Abelard rejected gender injustice in planctus on Dinah and Shechem

massacre of the men of Shechem

As a result of his consensual sexual affair and marriage to Heloise in twelfth-century France, Peter Abelard was castrated. Heloise suffered no punitive violence. She in fact declared herself “wholly innocent” in their affair. The gender injustice of Abelard’s castration seems to have motivated him to provide in his Planctus a critical perspective on what has been wrongly called “the rape of Dinah.”

The biblical story of the massacre of men at Shechem (“the rape of Dinah”) exemplifies deeply rooted gender bias against men. Careful scholarly analysis of the biblical text points to a specific problem:

The widespread opinion that the verb ‘innâ in the Pi’el {story of the massacre at Shechem} refers to “rape” or “sexual abuse” is not acceptable. It suffers from a lack of analysis of all the biblical material and of the distribution of ‘innâ with a female object in the Hebrew Bible. … ‘innâ in Gen. xxxiv 2 does not describe Shechem’s rape or sexual abuse of Dinah, but evaluates Shechem’s previously described actions (“take” and “sleep with”) as a debasement of Dinah from a social-juridical point of view. [1]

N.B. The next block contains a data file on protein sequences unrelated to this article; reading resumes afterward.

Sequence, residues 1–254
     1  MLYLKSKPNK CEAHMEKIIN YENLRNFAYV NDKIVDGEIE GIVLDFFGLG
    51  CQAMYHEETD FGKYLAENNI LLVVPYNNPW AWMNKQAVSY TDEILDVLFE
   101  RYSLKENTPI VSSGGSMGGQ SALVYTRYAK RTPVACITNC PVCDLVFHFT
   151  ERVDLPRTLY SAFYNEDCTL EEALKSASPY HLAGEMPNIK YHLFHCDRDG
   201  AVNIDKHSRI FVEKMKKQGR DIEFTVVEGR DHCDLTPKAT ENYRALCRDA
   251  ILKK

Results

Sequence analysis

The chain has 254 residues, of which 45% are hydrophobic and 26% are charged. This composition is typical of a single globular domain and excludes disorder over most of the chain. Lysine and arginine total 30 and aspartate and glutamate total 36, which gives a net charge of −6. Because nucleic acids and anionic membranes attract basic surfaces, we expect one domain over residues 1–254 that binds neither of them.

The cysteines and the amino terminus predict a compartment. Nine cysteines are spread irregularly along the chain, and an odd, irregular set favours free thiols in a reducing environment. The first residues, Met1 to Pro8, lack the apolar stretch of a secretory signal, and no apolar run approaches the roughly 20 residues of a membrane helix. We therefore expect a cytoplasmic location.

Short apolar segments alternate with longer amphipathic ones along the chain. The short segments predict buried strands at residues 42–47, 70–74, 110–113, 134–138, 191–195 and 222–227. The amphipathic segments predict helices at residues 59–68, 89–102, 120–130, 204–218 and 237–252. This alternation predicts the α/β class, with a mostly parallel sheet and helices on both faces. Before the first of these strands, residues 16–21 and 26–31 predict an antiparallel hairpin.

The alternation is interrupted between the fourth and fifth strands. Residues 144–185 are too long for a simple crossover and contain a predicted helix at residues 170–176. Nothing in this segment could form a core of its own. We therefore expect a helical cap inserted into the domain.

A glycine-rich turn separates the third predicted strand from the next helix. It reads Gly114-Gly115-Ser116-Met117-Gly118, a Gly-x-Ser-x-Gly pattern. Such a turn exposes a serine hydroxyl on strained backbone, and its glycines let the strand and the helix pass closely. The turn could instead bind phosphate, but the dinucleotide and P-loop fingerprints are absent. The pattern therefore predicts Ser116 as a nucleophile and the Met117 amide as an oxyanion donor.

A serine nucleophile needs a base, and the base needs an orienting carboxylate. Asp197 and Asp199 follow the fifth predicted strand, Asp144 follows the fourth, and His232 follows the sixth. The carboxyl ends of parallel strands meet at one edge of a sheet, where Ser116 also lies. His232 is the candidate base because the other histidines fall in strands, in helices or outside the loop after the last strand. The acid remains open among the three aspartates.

Interpreting a man having sex with a virgin woman as debasing her — “deflowering” her — is a social construction that Ausonius trenchantly parodied in the fourth century.  Anti-men bias goes further in the gynocentric tendency to criminalize men’s heterosexuality. Moreover, men’s lives are socially devalued relative to women’s lives. Violence against men is normalized as merely violence and commonly passes without particular notice. That has occurred in the historical reception of the biblical story of the massacre of men at Shechem.

A perceptive philosopher and a highly skilled poet, Peter Abelard wrote an astonishing planctus concerning the massacre of men at Shechem. Abelard entitled it The Lament of Dinah, the Daughter of Jacob {Planctus Dine filie Iacob}. He wrote this poem in the voice of Dinah. That’s a poetic choice consistent with gynocentrism. The poem begins with a conventional lament demonizing the heterosexuality of an unnamed man:

Descendant of Abraham, daughter of Israel,
bright with the blood of the patriarchs:
of an uncircumcised man I was made the plunder,
of an unclean man the prey;
the greatest stain upon a holy race,
mocked as the sport of an enemy people.